Photo: Victory Records

That brings us to Slither, an album that many people have dismissed as Earth Crisis’ attempt at going in a “nu-metal” direction. Did you expect people to be so critical of the material when you were recording it? Was everyone in the band 100% the direction of the songs on that album? What do you think of the album today?

Over the years we had become very frustrated by the hardcore scene. There didn’t seem to be anything we could do that wasn’t met with criticism, and we also realized we were just a passing trend for a lot of the people at our shows. Soon enough most of them would move on, we had seen it happen to many bands before us. We wanted longevity, and that rarely comes in the hardcore world. We had made a decision before Gommorah’s came out to try and play to a more metal audience, and work with new booking agents and promoters then we had in the past. Slither was us trying to thin the herd, it was an honest record at the time, we weren’t just writing something we disliked to try and alienate certain people. We were challenging ourselves to write in a new way, and also knew it would alienate certain people, which was fine by us at the time. Everyone in the band was on board with Slither, some like it more than others now. I’m of the opinion that it’s a good record, but it isn’t a good Earth Crisis record. I feel like most of our records are timmediately identifiable, but Slither sounds very dated. You can tell what era of music it came from.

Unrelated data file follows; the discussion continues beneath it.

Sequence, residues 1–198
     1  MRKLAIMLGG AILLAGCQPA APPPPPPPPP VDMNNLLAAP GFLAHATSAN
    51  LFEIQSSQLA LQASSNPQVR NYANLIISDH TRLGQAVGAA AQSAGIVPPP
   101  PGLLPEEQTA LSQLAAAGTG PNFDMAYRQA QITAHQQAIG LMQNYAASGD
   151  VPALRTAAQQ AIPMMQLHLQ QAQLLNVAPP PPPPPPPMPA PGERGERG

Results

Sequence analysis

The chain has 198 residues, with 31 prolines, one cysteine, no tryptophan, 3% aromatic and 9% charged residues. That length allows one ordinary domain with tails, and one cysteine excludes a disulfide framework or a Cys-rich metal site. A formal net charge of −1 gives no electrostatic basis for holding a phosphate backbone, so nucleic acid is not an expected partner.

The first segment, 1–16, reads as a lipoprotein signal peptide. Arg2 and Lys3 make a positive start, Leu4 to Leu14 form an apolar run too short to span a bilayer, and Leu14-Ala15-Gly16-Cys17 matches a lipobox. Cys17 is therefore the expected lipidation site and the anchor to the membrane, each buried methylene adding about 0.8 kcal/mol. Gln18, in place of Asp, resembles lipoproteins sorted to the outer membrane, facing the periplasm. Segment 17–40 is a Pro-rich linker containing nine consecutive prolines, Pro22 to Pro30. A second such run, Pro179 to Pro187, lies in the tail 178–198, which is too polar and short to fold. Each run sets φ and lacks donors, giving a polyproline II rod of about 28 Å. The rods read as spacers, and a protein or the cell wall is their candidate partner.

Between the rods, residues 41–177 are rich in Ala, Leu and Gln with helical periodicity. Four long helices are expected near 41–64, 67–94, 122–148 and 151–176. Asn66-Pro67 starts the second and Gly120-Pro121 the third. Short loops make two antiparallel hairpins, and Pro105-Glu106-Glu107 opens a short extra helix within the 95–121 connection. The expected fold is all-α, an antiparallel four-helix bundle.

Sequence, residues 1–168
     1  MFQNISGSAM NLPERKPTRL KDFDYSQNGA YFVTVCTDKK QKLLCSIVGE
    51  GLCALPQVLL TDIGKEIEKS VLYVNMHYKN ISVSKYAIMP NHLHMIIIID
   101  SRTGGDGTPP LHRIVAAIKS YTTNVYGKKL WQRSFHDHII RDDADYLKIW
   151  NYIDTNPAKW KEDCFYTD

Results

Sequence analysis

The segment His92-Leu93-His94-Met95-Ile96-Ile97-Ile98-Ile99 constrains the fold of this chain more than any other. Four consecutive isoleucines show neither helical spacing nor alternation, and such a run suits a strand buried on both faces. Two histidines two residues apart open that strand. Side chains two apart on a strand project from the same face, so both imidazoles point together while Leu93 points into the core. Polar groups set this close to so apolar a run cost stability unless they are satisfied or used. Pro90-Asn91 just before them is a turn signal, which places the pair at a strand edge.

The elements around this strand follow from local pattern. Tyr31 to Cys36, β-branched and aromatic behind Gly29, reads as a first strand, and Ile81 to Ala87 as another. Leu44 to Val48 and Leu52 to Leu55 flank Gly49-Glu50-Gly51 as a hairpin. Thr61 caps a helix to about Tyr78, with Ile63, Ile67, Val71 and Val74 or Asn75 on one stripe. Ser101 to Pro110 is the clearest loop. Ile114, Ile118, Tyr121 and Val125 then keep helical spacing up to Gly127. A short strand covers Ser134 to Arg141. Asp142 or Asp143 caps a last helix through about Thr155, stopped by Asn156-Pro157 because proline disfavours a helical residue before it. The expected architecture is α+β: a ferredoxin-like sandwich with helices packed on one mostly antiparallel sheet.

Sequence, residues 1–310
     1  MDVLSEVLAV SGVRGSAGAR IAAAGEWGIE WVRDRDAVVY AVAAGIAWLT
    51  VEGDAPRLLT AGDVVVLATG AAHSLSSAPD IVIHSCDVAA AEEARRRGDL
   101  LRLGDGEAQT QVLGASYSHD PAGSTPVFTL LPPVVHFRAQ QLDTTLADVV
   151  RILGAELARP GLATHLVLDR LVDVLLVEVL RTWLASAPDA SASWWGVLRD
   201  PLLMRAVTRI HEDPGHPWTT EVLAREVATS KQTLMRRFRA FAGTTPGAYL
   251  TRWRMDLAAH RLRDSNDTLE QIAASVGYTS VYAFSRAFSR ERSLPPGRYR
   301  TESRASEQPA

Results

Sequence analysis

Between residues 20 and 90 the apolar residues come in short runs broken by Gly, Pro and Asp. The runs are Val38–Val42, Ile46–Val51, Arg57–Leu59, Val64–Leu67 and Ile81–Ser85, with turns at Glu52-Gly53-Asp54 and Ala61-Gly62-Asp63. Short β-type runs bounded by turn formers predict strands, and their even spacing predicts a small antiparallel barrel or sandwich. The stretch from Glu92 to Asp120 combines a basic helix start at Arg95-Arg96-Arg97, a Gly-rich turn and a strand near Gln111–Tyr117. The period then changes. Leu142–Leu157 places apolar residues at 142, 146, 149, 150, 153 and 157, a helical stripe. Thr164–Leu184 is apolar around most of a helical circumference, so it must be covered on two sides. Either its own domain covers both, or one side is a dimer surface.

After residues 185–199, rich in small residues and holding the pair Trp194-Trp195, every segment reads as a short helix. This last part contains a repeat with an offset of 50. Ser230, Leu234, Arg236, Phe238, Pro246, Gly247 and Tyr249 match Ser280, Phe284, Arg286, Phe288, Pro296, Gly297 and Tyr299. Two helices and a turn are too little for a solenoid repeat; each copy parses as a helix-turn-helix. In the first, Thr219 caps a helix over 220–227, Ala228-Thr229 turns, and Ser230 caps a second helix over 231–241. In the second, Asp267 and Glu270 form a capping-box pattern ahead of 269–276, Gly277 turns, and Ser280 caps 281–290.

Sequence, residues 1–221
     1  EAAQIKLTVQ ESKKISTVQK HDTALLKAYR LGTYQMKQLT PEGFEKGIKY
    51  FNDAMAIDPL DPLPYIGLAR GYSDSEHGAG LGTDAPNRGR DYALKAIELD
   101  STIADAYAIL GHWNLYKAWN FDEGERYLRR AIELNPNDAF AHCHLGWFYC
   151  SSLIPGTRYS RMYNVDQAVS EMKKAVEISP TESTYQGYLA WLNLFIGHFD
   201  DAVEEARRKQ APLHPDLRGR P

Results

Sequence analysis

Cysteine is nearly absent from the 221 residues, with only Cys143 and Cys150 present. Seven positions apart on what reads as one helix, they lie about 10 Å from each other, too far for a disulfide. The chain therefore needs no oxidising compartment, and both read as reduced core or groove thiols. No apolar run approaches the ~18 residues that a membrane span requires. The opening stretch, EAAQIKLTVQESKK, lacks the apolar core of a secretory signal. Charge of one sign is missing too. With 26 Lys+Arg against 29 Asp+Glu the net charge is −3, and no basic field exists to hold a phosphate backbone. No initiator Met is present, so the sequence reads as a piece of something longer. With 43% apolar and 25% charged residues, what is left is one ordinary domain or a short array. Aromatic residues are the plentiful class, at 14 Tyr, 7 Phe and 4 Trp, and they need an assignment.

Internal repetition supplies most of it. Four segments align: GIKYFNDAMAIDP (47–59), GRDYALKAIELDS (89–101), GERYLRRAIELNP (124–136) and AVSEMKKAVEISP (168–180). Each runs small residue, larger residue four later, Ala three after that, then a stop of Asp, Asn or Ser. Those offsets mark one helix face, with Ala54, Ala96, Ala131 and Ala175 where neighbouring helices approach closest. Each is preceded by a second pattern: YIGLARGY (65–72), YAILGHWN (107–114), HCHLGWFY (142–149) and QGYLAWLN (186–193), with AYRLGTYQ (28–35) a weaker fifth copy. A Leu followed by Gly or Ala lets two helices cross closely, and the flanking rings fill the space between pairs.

After the Last of the Sane covers album in 2001, Earth Crisis broke up for a while. Were you guys just burned out at that point?

Yes, we were definitely burnt out. Members of the band were sick of living in a van, and wanted to stop putting their lives on hold. It was, and is still, very understandable. Slither was doing surprisingly well, and quite a few radio stations were playing us in daily rotation. At the time it was the most success Victory had ever had on radio and they wanted us to play summer radio fock festivals, but we just weren’t into it and they were getting annoyed with us. It was obvious we were losing interest and drive and when we toured Japan later that year, the shows weren’t very good and there was a general sense that no one wanted to be there. We sat down and decided to pack it in before things got ugly. We never wanted to let the band get in the way of our friendships, and I think if it went on any further at that point it would have.